CHLA California Lodging News May/June 2022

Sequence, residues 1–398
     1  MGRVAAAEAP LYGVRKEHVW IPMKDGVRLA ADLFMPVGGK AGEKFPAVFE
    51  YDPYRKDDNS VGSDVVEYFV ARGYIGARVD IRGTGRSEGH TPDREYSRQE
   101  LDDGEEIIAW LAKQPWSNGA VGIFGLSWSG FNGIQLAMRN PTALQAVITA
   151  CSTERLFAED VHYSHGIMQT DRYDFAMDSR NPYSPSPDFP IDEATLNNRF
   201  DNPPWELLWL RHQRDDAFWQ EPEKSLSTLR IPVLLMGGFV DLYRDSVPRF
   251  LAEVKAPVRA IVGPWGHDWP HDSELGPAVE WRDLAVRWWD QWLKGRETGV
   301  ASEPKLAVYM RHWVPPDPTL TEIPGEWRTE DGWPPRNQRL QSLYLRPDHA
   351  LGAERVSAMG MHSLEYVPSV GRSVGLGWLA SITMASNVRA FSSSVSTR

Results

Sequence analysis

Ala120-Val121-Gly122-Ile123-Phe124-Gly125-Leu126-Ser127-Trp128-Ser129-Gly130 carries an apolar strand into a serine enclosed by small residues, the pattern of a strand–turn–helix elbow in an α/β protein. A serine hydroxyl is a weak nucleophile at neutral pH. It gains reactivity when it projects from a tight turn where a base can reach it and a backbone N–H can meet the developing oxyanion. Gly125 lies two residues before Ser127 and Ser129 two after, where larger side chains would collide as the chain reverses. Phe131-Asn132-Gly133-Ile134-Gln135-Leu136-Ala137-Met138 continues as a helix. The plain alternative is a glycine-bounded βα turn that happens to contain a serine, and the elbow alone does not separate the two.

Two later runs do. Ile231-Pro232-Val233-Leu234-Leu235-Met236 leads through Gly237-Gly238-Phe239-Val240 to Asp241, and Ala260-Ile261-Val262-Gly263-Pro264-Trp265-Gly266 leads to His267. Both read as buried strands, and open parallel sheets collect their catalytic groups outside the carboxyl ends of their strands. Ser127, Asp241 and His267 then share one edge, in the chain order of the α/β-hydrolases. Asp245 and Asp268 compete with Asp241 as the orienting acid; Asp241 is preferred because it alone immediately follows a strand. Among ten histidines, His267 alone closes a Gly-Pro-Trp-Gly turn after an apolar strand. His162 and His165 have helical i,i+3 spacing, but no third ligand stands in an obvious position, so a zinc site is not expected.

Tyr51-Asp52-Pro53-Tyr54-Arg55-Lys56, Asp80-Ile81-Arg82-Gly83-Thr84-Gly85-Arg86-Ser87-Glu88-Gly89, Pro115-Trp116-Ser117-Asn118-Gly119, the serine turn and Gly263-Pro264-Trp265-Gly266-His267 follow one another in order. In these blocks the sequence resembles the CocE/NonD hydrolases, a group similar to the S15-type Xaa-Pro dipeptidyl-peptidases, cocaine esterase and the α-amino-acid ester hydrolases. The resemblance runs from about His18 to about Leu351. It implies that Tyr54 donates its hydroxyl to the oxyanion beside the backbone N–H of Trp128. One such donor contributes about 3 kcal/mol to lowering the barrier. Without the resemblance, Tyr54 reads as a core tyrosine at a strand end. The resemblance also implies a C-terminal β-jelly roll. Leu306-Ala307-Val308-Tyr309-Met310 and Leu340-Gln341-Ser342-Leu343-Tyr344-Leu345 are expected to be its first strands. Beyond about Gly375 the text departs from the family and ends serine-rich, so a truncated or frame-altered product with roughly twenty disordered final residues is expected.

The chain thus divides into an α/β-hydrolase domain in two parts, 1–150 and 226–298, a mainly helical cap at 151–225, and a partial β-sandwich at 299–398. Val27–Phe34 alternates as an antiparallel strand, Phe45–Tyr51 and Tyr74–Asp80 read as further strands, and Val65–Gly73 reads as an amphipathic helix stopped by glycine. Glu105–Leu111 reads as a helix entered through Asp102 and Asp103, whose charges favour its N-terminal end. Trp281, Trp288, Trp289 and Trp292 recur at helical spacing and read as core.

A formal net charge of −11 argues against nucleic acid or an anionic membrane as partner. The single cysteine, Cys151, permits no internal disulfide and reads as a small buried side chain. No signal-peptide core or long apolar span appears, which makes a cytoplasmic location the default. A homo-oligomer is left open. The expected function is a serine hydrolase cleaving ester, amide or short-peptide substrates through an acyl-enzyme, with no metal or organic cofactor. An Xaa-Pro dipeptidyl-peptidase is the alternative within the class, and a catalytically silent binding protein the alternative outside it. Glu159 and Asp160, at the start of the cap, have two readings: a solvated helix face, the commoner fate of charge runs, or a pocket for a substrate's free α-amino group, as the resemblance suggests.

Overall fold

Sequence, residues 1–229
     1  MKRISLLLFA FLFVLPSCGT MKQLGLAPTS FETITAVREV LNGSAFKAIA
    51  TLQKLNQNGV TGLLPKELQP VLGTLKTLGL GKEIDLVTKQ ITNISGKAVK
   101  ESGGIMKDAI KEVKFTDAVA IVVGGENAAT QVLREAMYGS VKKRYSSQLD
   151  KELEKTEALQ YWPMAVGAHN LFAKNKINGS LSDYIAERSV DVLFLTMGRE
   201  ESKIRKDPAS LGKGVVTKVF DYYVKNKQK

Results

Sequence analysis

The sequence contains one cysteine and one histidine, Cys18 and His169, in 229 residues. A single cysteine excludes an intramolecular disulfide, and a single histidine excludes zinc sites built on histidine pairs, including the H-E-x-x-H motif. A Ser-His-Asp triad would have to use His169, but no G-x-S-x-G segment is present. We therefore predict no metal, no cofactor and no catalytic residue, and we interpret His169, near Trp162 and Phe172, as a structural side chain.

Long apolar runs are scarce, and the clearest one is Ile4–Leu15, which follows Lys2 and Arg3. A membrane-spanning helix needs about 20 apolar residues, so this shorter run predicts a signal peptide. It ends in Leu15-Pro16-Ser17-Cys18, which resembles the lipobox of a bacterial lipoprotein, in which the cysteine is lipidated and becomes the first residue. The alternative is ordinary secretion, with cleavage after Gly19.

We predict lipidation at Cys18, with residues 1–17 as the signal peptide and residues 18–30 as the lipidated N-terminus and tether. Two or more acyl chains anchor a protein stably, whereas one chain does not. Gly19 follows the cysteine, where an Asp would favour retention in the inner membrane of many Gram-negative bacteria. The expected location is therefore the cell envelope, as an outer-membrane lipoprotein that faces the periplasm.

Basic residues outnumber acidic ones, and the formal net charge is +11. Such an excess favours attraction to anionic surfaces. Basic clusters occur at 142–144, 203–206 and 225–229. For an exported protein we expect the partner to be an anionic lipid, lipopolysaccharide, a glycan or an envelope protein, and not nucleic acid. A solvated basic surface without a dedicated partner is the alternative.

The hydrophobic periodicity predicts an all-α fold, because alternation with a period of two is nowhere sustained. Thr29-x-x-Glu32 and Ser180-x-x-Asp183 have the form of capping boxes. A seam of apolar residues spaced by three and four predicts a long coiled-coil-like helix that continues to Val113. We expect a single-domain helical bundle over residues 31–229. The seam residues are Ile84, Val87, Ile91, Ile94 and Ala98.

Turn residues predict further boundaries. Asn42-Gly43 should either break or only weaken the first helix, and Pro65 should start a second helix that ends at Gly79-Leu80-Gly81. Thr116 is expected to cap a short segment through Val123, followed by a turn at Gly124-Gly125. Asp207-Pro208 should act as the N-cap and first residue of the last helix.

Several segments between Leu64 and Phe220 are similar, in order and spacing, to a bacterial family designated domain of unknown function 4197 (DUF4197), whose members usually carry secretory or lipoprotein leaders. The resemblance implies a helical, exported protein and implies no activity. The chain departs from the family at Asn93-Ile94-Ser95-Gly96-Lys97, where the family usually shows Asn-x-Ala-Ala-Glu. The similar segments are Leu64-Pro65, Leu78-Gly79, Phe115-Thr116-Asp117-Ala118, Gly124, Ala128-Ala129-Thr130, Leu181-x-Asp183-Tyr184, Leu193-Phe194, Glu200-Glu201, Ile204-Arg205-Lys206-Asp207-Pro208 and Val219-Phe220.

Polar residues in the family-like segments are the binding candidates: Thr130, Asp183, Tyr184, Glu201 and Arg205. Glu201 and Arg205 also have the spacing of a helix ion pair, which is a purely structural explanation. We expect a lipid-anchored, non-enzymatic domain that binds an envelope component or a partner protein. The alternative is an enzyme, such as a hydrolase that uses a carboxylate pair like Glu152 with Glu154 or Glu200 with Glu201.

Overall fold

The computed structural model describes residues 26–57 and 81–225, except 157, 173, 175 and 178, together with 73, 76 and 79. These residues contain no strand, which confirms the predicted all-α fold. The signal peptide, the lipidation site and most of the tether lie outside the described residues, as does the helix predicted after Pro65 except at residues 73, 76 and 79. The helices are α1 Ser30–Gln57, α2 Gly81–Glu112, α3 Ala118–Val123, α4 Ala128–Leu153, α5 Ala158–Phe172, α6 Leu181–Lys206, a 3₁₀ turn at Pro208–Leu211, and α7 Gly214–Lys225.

6 CALIFORNIA LODGING NEWS HOTELS TYPICALLY REQUIRE EMPLOYEES TO agree to mandatory arbitration of many potential employment claims. But, a federal law signed by President Biden on March 3 has placed limits on mandatory arbitration in cases involving claims of sexual assault and harassment. The Ending Forced Arbitration of Sexual Assault and Sexual Harassment Act of 2021 is intended to facilitate access to the court system for such disputes by limiting arbitration to situations where employees and employers mutually elect arbitration after a dispute has arisen, rather than being forced into arbitration through a predispute agreement. The Act applies to all disputes arising, or currently pending, on or after March 3, 2022, and includes alleged sexual harassment and sexual assault claims based on the conduct of guests or customers toward employees, as well as conduct by employees toward other employees. The new law amends the Federal Arbitration Act (FAA) in three meaningful ways. It: • Invalidates employment pre-dispute agreements and class action waivers that require claims related to sexual assault or sexual harassment to be arbitrated on an individual basis; • Ensures that the employee who signs an arbitration agreement has complete autonomy in deciding whether to arbitrate sexual harassment or sexual assault claims or to pursue such claims in court, either individually or on a collective basis; and • Provides that regardless of the contractual terms of the arbitration agreement, the enforceability of the agreement as to covered claims must be decided by a court, not an arbitrator. While the changes are meant to create more transparency concerning remedies for workplace sexual misconduct, there are a number of issues that remain unresolved. For example, it’s not clear if the law allows an employee alleging a sexual harassment claim along with another related employment claim to litigate the entire dispute in court, despite a signed mandatory arbitration agreement. Another open question is whether certain retaliation claims are covered, such as a claim of retaliation for reporting an internal complaint of sexual harassment without a standalone claim of sexual harassment or assault. Finally, the law is silent on the enforceability of jury waivers, so in California whether such waivers are enforceable or even permissible likely is an issue of state law. Pragmatic Considerations for Excluding Other Claims from Mandatory Arbitration Agreements In addition to legal considerations around arbitration agreements, hotels should consider other factors like employee relations, company culture, and public/customer relations issues. The new law doesn’t prohibit employers from compelling arbitration for claims involving race, disability, age discrimination, or other civil rights claims, but it’s worth asking what message is conveyed if you force some types of cases to arbitration and bar class actions, yet litigate sexual harassment matters in court and on a class basis? We recommend Do Mandatory Employment Arbitration Agreements Still Have Utility in the Workplace? By Keith Grossman, Glen Kraemer, and Anna Pham